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Why is the electrodynamic Lagrangian E^2 - B^2?

  1. Jun 11, 2009 #1
    Is there a simple way to understand why the Lagrangian of the classical electrodynamic field is (in SI units)

    E^2/2 e0 - B^2/2 mu0 ?

    Why is there a minus in it? Is there some simple, intuitive explanation for it?

  2. jcsd
  3. Jun 11, 2009 #2


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    One reason: this Lagrangian density has to be a Lorentz-invariant scalar. A plus-sign there would not be Lorentz-invariant.

    It has a resemblance to T-V...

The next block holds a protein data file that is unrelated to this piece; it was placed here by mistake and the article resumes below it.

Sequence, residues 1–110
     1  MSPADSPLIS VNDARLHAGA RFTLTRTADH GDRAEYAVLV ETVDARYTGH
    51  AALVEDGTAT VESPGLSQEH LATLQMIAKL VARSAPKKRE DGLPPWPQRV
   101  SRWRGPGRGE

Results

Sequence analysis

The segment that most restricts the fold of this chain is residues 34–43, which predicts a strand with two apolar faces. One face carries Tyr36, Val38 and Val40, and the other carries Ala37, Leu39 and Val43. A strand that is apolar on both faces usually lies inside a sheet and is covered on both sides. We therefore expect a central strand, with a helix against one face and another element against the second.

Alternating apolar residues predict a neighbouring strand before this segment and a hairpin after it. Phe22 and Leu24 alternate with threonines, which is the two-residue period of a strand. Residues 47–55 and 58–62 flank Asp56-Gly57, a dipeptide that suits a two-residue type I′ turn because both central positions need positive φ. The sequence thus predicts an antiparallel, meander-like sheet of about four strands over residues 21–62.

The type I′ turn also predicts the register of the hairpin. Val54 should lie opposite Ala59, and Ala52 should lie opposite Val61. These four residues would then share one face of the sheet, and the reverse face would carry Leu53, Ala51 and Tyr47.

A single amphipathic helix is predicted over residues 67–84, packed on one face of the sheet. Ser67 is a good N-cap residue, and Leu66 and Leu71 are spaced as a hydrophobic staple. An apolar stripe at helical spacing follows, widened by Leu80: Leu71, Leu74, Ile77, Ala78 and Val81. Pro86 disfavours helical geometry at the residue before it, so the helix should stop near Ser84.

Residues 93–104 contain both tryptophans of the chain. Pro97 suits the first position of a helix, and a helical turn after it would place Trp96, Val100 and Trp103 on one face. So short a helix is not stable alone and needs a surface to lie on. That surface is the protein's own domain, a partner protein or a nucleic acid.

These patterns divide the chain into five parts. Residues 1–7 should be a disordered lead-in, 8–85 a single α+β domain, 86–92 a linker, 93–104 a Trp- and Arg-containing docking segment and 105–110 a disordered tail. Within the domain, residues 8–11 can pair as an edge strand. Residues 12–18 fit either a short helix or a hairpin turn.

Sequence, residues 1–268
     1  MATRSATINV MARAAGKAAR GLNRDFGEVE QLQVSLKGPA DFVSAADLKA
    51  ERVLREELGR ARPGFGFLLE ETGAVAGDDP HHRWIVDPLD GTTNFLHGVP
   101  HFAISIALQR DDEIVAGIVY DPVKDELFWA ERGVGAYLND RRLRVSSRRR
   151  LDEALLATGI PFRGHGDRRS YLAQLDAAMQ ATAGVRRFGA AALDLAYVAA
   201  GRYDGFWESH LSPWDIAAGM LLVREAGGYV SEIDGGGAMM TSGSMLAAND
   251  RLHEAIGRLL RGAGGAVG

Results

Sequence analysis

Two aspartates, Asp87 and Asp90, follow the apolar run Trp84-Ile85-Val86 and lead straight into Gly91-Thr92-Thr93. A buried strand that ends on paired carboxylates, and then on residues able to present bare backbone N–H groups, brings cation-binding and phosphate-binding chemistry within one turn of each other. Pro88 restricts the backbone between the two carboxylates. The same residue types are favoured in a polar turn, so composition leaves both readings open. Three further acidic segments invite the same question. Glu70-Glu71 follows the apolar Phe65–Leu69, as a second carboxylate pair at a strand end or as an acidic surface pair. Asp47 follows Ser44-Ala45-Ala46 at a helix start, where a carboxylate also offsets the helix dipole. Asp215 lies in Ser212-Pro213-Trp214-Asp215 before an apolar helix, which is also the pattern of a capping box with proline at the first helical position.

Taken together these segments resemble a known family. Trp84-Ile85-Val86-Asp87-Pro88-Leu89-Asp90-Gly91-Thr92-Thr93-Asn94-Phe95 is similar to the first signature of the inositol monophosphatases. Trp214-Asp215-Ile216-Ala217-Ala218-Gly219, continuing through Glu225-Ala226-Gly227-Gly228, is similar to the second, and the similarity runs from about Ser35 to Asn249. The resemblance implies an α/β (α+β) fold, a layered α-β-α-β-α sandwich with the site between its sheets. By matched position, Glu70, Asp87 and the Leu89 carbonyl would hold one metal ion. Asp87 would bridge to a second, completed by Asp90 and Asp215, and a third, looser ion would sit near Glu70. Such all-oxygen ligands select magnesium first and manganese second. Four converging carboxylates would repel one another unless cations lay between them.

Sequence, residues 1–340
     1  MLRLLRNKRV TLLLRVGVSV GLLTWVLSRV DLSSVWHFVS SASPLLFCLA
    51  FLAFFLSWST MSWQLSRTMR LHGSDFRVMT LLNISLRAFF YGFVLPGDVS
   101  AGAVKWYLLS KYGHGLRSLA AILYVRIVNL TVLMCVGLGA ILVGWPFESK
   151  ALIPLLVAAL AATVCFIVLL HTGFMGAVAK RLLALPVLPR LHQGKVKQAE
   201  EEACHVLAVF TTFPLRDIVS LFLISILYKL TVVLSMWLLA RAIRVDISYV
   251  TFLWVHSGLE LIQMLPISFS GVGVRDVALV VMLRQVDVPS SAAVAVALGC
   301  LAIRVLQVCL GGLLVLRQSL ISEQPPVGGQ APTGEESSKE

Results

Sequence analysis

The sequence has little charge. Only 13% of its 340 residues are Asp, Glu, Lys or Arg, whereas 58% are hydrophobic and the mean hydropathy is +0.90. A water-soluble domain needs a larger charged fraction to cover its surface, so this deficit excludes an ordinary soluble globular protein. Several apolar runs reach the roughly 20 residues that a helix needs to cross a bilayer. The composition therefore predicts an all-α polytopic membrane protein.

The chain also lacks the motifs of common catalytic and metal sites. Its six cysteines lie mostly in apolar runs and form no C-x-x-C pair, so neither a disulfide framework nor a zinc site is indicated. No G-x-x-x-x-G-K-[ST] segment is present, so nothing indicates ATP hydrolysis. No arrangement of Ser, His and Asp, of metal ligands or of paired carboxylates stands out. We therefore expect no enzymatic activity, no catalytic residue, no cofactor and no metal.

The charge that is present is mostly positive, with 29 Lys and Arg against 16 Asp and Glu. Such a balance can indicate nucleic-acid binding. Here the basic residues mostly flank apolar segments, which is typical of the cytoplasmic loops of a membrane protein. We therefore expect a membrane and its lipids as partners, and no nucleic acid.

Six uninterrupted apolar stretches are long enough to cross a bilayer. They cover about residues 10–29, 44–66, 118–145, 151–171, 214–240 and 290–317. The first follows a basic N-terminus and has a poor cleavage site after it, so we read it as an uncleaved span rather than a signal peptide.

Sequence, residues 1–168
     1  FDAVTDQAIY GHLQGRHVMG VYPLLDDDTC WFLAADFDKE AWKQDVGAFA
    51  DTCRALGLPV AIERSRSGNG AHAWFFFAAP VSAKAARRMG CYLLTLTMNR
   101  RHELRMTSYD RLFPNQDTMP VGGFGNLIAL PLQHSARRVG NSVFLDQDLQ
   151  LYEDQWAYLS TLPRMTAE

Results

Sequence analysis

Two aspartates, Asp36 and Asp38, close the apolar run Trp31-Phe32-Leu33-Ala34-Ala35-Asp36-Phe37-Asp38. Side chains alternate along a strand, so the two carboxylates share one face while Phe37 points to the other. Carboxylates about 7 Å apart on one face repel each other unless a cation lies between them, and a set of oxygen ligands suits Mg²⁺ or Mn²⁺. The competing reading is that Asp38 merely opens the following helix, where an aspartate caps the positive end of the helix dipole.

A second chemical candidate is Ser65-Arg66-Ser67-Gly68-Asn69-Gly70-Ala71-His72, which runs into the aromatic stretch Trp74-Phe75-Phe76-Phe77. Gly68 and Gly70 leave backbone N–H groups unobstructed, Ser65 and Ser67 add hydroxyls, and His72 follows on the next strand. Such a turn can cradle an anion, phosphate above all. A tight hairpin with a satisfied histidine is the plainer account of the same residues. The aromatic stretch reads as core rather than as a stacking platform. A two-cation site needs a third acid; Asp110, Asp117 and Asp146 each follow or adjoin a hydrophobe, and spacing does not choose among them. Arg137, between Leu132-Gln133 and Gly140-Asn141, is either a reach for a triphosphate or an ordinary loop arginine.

"E involves time-derivatives of A" is similar to "v involves time-derivatives of x".

    Why this minus sign? A common answer is that it is what gives the correct equations of motion.
  4. Jun 13, 2009 #3
    http://www.hep.caltech.edu/~peck/lecture_EMRelativisticSymmetry.pdf" [Broken]

    This link has a little more detail about what robphy was saying.
    Last edited by a moderator: May 4, 2017
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